32. 32. 44. Adjust the plan in response to changing environment 45. Apply QA/QC best practices 46. Monitor stakeholder satisfaction 47. Improve efficiency 48. Adopt a customer service orientation 49. Apply project management knowledge and best practices 50. Understand and apply the geospatial technology components of projects (as outlined in the Department of Labor’s Geospatial Technology Competency Model) to accurately establish scope, resources, schedule and quality requirements for project success 51. Identify collaborative opportunities to achieve project goals 52. Manage a portfolio of projects effectively 53. Cooperate within political and professional organizations 54. Pursue goals tactfully in context of particular organizational cultures and governance structures 55. Identify potential political champions and engage their support 56. Honor jurisdictional responsibilities
  33. 33. 57. Implement policies that respect the purpose and role of public, private, nonprofit, and academic organizations in the marketplace 58. Prepare, negotiate, monitor, administer, and remediate contracts 59. Prepare Statements of Work (SOW) defining project objectives and requirements 60. Prepare competitive solicitations including project rationale and objectives, existing geospatial technology assets, desired services, and final deliverables 61. Prepare proposals including understanding of need, technical approach and proposed technology, final deliverables, schedule, budget, and relevant qualifications 62. Prepare objective selection criteria and scoring mechanism to fairly evaluate proposals 63. Develop service level agreements 64. Prepare and document budgets 65. Manage expenditures and income 66. Identify funding sources and obtain funding, including collaborative opportunities 67. Develop and manage a long term financial plan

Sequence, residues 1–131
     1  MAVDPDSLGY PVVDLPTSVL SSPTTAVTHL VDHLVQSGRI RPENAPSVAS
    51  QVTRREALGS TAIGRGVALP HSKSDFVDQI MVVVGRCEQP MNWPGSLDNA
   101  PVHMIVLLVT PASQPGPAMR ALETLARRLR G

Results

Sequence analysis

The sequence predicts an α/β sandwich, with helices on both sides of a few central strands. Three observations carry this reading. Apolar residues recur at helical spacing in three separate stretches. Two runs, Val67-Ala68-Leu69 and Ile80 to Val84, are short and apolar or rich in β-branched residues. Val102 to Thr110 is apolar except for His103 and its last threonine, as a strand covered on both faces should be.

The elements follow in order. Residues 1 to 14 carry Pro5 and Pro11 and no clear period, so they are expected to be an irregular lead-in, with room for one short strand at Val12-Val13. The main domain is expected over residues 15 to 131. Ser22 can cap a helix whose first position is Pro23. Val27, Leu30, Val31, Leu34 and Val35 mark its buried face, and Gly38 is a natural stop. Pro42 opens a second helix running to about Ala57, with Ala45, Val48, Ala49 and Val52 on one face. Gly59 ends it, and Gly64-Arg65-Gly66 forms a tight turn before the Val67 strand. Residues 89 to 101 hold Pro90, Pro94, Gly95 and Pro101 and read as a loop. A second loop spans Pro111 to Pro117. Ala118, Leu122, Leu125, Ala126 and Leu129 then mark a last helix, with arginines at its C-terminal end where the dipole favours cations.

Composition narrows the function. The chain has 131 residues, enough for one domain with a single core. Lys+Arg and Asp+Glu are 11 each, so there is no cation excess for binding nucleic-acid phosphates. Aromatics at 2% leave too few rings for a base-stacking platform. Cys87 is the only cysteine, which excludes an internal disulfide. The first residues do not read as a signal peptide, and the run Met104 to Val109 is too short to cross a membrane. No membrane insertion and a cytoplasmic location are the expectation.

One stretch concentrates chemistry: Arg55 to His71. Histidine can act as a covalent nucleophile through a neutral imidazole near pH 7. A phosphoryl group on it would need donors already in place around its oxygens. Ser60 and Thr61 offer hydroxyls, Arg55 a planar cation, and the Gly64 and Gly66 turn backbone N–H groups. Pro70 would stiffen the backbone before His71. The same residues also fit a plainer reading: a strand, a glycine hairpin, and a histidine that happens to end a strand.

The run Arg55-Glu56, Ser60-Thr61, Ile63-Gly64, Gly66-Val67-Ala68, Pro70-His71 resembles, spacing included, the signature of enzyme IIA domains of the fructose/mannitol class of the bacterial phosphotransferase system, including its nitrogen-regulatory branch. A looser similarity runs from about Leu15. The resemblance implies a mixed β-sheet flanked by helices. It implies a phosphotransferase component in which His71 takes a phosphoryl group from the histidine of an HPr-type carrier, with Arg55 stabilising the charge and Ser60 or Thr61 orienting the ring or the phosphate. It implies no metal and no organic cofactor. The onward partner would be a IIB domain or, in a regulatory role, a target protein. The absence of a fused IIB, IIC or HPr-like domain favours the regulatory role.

34. 34. The Geospatial Management Competency Model 68. Conduct regular financial analyses 69. Implement standard financial accounting procedures and controls 70. Assure accountability by periodic independent audits 71. Understand enterprise geospatial architecture 72. Ensure that geospatial technology infrastructure meets organization needs 73. Recognize geospatial data as a capital asset 74. Manage the asset lifecycle: a. Establish and maintain an up-to-date asset inventory b. Procure and upgrade assets c. Implement and periodically audit security procedures for assets such as work spaces, equipment, computer networks, data, and software d. Implement computer system back-ups and periodically test reliability of backup procedures e. Implement sound data management procedures